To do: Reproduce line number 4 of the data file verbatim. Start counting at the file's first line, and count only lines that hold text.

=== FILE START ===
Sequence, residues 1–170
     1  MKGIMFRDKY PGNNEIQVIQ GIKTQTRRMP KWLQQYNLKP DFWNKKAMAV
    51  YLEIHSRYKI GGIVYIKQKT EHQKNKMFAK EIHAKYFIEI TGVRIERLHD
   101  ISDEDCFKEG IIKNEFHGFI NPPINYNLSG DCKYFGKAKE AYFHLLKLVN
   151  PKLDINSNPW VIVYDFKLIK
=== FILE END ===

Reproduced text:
   101  ISDEDCFKEG IIKNEFHGFI NPPINYNLSG DCKYFGKAKE AYFHLLKLVN